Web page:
There are always troubles waiting at corners in criminal business, and Oliver Stone’s “Savages” presents us the ruthless sights in the barbarous war between the criminals you won’t particularly like. Only reason we may care about our main characters is that they are relatively lesser evil compared to the savage underworld figures they are dealing with, and I have lots of doubt about their morality, but the movie tells their brutal story with considerable energy and dark black humor to be appreciated.
The story is told to us through the languid narration of Ophelia(Blake Lively), who is just called “O” in short. She narrates the story of her and other two guys she loves, and it sounds as if she were in the euphoria of marijuana – or she were looking at what kind of mess they were in from her afterlife. She warns us in the beginning: “Because I’m telling you this doesn’t mean that I am alive at the end.”
She and Ben(Aaron Jonhson) and Chon(Taylor Kitsch) have enjoyed their carefree life thanks to their lucrative cannabis business. So far, the life has been simple and good to them. Ben has two college degrees in botany and business, and he knows a lot about how to grow marijuana. Chon is an ex-marine who have been to Afghanistan, and he brought the valuable cannabis seeds from that country. Ben and Chon have been close since their high school years, and they are ideal business partners who perfectly complement each other in their business in Laguna, California. Ben, who is influenced a lot by Buddhism, wants his business as peaceful as possible while he diligently manufactures the first-class product for his distributors and customers. But they need sometimes muscle in some occasions, and their annoying matters are quickly handled by Chon, a tough, intense guy who has no qualms about intimidating criminals by any means necessary.
And O happily goes back and forth between them as she enjoys the luxury in their life including a nice big house facing the sea. Their triangle seems to work on the surface, but, though they care about each other, their acts are closer to a balancing job rather than a serious relationship. Well, that does not matter to them much, because they see no problem in their relationship and, above all, everybody is happy with their mutual paradise on the Earth.
But their paradise is built on their crime, and, not so surprisingly, a bigger evil starts invading into their paradise. They receive a very disturbing video through e-mail, which shows a bunch of guys brutally beheaded with chainsaw. It is sent from the Baja Cartel in Mexico, and its boss Elena(Salma Hayek) wants to get in their cannabis business. First, she proposes a rather generous offer to Ben and Chon through her lawyer Alex(Damien Bichir), and, when they do not accept the offer instantly, she orders her sinister enforcer Lado(Benicio Del Toro) to give them a ruthless offer they cannot refuse.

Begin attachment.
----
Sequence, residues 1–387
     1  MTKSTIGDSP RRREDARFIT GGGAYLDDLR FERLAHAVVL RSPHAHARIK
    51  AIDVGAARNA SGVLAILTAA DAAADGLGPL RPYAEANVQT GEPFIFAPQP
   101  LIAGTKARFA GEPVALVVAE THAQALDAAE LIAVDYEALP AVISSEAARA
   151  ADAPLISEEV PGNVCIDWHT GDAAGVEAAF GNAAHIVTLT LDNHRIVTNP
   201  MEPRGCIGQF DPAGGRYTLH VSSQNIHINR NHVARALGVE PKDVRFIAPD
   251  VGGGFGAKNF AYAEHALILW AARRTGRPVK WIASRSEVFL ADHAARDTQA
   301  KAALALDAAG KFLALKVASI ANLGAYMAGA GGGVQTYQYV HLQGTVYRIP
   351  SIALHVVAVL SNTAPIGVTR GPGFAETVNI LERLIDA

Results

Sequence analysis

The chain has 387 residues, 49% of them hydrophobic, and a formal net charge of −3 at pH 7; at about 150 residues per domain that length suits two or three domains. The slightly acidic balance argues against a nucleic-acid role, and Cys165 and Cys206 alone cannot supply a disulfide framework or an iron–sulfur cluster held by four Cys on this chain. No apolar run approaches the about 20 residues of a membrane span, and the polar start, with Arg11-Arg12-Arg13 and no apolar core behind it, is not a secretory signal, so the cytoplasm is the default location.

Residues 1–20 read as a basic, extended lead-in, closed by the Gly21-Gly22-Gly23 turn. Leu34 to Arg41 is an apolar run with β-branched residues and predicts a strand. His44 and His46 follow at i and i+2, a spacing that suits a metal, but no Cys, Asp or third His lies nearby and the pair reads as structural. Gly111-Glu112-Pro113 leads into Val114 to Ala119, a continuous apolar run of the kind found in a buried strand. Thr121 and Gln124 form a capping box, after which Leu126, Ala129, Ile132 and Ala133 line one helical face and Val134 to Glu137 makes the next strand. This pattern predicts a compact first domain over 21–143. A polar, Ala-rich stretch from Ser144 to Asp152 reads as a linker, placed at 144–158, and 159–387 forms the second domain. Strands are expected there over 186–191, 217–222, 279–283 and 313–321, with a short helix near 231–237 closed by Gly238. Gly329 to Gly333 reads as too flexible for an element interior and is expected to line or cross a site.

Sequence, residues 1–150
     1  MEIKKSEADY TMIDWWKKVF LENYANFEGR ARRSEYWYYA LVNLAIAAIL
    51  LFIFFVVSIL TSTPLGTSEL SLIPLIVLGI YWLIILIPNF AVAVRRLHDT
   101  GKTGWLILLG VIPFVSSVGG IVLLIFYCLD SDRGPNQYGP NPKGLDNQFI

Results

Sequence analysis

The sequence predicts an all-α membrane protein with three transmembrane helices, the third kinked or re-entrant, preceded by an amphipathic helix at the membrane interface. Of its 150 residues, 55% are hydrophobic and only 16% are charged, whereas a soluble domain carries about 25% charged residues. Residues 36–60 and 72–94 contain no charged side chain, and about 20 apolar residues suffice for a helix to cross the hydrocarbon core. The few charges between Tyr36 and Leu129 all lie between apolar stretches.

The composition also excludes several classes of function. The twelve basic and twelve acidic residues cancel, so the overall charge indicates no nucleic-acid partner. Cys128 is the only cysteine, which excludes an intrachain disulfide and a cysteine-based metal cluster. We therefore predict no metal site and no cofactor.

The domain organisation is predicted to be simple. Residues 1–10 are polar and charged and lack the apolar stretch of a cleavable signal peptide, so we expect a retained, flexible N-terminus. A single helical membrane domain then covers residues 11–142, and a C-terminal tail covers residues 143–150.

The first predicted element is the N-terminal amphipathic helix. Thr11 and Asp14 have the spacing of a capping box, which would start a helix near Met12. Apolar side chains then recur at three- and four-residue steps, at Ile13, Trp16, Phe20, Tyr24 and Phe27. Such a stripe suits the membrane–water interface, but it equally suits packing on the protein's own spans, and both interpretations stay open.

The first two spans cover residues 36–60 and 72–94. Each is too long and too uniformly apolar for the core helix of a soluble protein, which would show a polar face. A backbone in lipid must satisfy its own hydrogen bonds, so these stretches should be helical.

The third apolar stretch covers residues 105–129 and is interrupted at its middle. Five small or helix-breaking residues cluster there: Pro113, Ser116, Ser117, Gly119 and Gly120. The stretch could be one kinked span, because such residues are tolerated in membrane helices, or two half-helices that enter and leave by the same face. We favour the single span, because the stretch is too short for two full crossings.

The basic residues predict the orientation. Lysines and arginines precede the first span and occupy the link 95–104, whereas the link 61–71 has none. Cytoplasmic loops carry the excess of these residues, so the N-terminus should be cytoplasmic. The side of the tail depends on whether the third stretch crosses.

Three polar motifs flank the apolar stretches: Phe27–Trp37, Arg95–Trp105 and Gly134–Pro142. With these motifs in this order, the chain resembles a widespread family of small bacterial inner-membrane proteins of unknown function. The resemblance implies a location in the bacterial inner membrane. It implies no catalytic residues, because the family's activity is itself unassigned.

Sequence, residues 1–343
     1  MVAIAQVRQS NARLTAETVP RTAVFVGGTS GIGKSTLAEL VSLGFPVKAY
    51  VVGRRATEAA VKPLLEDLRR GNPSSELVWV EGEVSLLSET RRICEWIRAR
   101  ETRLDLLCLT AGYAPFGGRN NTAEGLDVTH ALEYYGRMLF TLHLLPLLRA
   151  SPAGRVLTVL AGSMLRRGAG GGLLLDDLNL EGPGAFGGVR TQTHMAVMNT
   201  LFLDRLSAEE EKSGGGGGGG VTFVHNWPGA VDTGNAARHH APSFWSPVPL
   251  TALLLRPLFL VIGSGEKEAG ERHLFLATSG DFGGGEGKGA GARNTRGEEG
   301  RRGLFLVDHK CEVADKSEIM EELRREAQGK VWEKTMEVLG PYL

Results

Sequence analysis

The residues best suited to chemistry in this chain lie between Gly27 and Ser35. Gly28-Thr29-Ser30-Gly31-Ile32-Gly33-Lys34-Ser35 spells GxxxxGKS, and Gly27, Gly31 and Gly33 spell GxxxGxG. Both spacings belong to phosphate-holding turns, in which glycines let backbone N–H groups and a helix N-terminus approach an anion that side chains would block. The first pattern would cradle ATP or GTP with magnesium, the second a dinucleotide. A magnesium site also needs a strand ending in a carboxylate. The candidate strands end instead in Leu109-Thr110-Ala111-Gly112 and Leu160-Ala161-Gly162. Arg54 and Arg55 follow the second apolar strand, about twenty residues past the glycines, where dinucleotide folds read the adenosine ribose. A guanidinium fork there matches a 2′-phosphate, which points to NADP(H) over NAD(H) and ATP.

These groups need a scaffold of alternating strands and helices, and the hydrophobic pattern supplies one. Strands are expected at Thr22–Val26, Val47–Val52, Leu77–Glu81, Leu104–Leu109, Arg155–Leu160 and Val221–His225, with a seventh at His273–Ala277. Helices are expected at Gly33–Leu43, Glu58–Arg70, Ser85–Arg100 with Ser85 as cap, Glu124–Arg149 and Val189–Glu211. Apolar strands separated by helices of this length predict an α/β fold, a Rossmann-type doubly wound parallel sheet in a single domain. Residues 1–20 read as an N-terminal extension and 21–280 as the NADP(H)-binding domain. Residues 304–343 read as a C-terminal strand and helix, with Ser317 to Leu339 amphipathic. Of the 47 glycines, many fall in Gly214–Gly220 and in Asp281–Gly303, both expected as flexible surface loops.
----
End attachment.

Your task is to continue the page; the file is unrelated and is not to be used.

Maybe because they have been on the top of their business so long, Ben and Chon make a big mistake of underestimating these savage criminals who will do anything to get what they want. They think they can handle their situation, but they unwisely let O to go outside even though they are clearly aware of their danger. O is no wiser than them; her reason for going out for a while is so superficial that you have to hear for yourself to believe what she says.
It will not be a spoiler to talk about what will happen next, but let’s say the story gets more complicated and more violent as more characters are introduced in this deadly conflict. Ben and Chon do the best as they can to save the woman they both love, but the circumstance becomes trickier as the time goes by. They can trust some people, while they cannot trust the others much. In case of Dennis(John Travolta), an FBI agent they have paid bribery to protect their business, he is willing to deal with both sides while trying to find a way out of this mess as he realizes that his FBI badge does not always guarantee his safety.
Oliver Stone is well known for his hyperkinetic approach in many of his famous works, but “Savages” is less showy compared to them. Black and white film and overexposed film are occasionally used through the movie to accentuate the dramatic points in the film, but the story is told with comic detachment even when it gets nastier. The interactions between characters are handled in interesting ways, so we have an amusing scene where a captor and a captive have a nice talk about their respective personal lives even though their positions remain same as before.
While Blake Lively, Aaron Johnson, and Taylor Kitsch do competent jobs as the business partners who are not so serious about their personal relationship for enjoying it, the supporting performers surrounding them give more colorful performances with their juicier roles. John Travolta is having a ball as an untrustworthy FBI agent, and his best moment comes when he desperately tries to convince the other character that he is still too useful to be eliminated. Benicio Del Toro is both sleazy and menacing as a savage criminal with his ruthless band of workers who are always ready for disposing bodies, and Salma Hayek is strangely sympathetic as the boss who will do anything for the future of her organization – and her family.
One critic in South Korea harshly said the movie shows Oliver Stone past his prime. It goes without saying that he recently made several dissatisfying works in the last decade, but Stone has not lost his talent yet, and “Savages” is an enjoyable crime thriller although I felt an urge to check out the novel written by Don Winslow, who co-adapted his novel with Stone. You may be not so pleased about its attitude at the ending, but the movie is twistedly humorous enough to make that flaw acceptable at least during viewing, and I like that.